We have the facade of a democracy but if one were to look at the substance and means used for it to function as such, then there is much to be desired, writes K Haridas.
Malaysia is committed to uphold the 16 core principles of the Commonwealth Charter, including democratic governance, that over the time has been enhanced and strengthened as well as the important role of Parliament, said Deputy Prime Minister Ahmad Zahid Hamidi. He was addressing the 23rd Conference of Speakers and Presiding Officers of the Commonwealth.
We must read the Bernama news report to realise that he was speaking about Malaysia. Democratic governance and basic human rights, he stressed, included human rights, peace and security, tolegrance and respect, freedom of expression, separation of powers, rule of law and good governance, and these were all enshrined in the Malaysian Constitution. These represented the pillars of the constitution.
Does he really believe this to be true? The report of the Human Rights Commission of Malaysia (Suhakam) has never been tabled in Parliament, and their budget has been reduced – to increase the budget of the prime minister’s department? Also, there have been so many derogatory remarks regarding Suhakam despite the work they do. Such is this government’s commitment to the cause of human rights.
What are the examples of democratic governance that we can boast about? The legislature, is namely the lower house, the Dewan Rakyat, operates like a factory churning out bills while the upper house remains an endorsement chamber.
Rare are the bills that are adequately discussed by stakeholders, then onto the committee stages before being voted upon. The Dewan Rakyat appears to be manipulated and is perceived to serve as the thumbprint of the executive.
We have a pliant judiciary, which was likewise pummelled by Dr Mahathir into submission. Everyone knows how highly our judiciary is regarded today. The selection and promotion of judges by the Executive is perceived to be lacking in independence, unlike in India where the judges stand fiercely for their independence in keeping with the notion of the separation of powers.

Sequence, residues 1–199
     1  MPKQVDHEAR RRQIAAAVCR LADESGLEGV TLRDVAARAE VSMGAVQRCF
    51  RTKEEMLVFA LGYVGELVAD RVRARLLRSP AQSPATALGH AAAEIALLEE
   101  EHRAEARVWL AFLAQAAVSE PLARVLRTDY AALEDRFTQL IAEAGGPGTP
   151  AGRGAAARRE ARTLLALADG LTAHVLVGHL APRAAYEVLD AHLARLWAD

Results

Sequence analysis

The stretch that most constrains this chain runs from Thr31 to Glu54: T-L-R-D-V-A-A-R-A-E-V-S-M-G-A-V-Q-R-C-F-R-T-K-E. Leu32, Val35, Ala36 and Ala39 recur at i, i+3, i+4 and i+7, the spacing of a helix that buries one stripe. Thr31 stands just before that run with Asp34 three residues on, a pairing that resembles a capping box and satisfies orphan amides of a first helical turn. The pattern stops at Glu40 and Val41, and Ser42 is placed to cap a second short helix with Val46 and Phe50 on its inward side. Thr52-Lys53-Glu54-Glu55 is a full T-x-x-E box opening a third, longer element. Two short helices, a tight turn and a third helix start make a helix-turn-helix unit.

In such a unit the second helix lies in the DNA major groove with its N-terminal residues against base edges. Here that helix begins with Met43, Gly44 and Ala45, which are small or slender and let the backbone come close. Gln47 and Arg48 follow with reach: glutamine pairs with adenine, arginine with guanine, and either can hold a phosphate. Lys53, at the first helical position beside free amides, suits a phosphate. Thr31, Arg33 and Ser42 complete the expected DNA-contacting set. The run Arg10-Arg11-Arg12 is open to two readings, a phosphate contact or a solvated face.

Words like upholding and committed are so loosely used. We have the facade of a democracy but if one were to look at the substance and means used for it to function as such, then there is much to be desired.
We have a powerful executive that is autocratic. It was even worse under the two thirds majority regime but any improvement since then has been marginal due to a loss of power.
Let us just consider the recent National Security Council Bill 2015, which was bulldozed through the lower house with no concerns addressed. This obnoxious piece of legislation was never discussed at committee stage nor were interested stakeholders included who could have either improved or amended relevant aspects or asked for it to be reviewed altogether
Former Bar Council president Ambiga Sreenevasan described it as “the worst piece of legislation I have seen. This is not about security; this is about insecurity and power. There is no check and balance in this legislation. Some may believe that the prime minister was the chosen one by God. I would not give the Prime Minister such power; you should give no one such power,” she added.
In a piece in the print media, Tunku ’Abidin Mukriz noted that three representative chambers within the Commonwealth had recently passed critical resolutions. The discussions, the participation and the involvement of MPs over radio and TV highlighting issues was a norm that we can at best be jealous of.